of a lio'a, a ghost of power. In such a case if native ideas only had prevailed, money, pigs, or valuable gifts would have been sufficient to toto, make it up with, the chief, and he would have been willing to toto 'akalo (page 137), set the matter right by a sacrifice to the lio'a; but in this case the Christian teachers, though really in some danger of their lives, refused to acknowledge the power of the lio'a and of the curse, and would give nothing to the chief, who thereupon professed himself quite unable to remove the curse.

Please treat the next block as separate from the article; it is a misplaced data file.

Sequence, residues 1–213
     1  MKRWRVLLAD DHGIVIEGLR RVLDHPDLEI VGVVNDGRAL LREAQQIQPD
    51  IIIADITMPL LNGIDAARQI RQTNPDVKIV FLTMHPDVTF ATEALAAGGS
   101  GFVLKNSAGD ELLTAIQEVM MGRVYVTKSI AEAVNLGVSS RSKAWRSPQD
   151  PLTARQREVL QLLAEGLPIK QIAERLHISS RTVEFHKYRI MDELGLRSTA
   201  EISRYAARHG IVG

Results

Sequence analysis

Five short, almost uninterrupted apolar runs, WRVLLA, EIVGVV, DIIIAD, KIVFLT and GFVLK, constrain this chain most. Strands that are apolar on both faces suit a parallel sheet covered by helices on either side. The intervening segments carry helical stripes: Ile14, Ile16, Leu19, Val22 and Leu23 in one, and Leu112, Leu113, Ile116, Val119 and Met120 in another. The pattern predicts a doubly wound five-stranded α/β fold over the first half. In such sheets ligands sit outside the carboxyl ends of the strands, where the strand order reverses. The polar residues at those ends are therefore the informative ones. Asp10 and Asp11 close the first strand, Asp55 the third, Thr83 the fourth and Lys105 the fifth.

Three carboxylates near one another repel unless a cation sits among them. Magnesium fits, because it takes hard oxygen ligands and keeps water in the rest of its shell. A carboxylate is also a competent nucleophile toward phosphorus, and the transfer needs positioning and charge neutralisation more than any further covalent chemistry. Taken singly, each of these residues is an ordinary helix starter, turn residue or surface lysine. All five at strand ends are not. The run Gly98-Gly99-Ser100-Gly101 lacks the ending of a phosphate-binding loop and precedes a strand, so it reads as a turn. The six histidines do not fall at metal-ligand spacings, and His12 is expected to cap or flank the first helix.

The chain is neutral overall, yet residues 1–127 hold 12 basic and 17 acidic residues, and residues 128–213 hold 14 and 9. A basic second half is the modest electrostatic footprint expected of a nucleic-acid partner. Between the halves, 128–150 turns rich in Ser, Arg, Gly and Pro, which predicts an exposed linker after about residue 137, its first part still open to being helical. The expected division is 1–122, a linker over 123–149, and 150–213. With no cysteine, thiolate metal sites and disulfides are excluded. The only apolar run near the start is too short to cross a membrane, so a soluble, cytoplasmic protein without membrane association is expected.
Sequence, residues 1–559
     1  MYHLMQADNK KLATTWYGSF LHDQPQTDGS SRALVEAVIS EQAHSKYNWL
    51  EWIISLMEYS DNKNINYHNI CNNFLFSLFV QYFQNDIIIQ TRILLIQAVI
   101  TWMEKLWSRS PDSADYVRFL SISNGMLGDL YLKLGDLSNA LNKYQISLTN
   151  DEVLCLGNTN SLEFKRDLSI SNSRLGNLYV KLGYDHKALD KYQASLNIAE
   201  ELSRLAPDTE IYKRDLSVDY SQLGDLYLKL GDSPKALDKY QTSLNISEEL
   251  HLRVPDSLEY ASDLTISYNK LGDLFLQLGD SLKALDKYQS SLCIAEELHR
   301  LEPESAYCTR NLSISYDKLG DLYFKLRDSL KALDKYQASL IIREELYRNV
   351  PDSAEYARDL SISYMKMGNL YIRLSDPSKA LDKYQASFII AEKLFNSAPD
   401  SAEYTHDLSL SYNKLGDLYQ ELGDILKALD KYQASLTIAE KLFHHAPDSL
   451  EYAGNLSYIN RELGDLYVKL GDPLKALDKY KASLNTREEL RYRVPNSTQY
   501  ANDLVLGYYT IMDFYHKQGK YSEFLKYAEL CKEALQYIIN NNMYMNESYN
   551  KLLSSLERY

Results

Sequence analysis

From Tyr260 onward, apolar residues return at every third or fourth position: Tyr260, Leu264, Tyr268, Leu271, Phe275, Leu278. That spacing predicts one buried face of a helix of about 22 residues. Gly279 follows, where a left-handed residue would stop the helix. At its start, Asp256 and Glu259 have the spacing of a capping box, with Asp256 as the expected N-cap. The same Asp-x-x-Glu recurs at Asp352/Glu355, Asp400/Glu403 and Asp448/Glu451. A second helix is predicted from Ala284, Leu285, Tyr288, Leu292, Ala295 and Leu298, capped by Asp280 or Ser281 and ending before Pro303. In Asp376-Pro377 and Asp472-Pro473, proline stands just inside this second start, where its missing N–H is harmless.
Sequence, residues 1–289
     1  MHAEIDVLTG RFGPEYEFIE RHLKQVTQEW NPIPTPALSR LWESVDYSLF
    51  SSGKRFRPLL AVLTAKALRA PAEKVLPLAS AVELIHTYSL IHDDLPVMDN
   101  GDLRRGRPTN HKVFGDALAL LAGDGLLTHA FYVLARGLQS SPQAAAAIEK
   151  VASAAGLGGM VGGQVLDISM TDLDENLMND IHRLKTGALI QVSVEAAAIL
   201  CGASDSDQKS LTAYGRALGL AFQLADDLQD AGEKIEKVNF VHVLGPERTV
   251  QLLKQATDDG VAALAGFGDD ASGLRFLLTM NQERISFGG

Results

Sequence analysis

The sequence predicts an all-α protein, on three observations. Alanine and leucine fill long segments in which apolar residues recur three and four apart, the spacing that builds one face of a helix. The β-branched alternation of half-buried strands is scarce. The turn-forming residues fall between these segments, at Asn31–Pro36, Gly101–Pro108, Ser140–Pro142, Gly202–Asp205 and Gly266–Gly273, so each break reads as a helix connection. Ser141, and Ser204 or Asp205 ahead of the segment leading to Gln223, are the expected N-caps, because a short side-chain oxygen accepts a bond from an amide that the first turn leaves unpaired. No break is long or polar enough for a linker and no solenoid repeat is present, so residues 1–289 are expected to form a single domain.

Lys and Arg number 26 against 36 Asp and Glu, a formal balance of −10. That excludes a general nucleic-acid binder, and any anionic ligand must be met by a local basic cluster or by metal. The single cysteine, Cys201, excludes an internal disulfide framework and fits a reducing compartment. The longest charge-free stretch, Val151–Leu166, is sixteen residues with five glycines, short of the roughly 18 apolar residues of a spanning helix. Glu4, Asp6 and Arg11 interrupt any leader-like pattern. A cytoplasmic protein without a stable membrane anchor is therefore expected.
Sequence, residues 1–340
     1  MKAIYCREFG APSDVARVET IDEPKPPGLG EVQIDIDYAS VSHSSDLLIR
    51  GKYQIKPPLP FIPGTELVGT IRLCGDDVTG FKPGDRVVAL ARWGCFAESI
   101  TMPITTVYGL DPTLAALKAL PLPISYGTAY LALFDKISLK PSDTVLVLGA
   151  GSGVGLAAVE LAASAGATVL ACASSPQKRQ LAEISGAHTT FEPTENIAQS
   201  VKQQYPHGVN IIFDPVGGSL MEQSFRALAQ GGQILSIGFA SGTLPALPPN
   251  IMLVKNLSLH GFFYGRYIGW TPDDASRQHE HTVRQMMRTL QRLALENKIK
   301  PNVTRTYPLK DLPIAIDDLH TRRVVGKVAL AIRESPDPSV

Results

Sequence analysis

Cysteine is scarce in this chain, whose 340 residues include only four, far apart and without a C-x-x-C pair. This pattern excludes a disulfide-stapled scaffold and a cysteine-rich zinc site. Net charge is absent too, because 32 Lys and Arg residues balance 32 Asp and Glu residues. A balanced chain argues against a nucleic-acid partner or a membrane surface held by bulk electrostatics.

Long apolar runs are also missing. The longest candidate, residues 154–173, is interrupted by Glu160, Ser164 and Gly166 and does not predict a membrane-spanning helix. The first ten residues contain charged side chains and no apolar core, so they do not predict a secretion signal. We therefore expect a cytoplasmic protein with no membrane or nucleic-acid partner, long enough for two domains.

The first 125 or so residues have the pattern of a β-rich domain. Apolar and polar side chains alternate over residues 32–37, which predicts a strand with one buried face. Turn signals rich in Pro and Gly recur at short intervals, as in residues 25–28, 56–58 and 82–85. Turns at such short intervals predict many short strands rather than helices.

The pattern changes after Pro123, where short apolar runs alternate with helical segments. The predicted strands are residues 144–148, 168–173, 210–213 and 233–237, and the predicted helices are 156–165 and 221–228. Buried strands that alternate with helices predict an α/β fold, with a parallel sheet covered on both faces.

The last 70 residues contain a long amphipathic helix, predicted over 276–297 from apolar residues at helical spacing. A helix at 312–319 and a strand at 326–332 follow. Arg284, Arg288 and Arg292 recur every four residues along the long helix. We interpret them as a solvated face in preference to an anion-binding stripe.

A curse by way of asseveration is very common in Florida, and no doubt in the other Solomon Islands. A man will deny an accusation by his forbidden food, butonggu! by some tindalo, Daula, the ghostly frigate-bird, or Bagea, the ghostly shark. The Florida people, and their neighbours probably, were sufficiently advanced to garnish their conversation with profane and filthy swearing, even before 'contact with civilization' put into their mouths those words which are too often the first they learn of English. I am not aware of the existence of this habit in the Banks' Islands. The more serious curse there is to vagona, to make into a tangle, to prohibit easy access or procedure, under the sanction of a spirit's power; to swear therefore by the name of some ghost or spirit is to vava vagogonag, that is, to speak making a supernatural power to intervene, the withdrawal of which can only be effected by a sufficient offering to appease the layer of the curse, who will proceed to satisfy the being invoked. To curse in the sense of expressing a wish for mischief, with a mental if not a verbal reference to a supernatural power, is to vivnag. Such may be called the formula used in pouring water into the native oven (page 147), and such a curse is supposed to be the cause of sneezing. The milder forms are those whereby a troublesome or impertinent request or remark is met; 'Iniko o suri tamate, you are a dead man's bone'; and by what they call sending off, varoivog, to certain trees which have something of a sacred character, vawo mele! on a cycas, vawo aru! on a casuarina, vawo poga! forms which mean not much more than 'you be hanged!'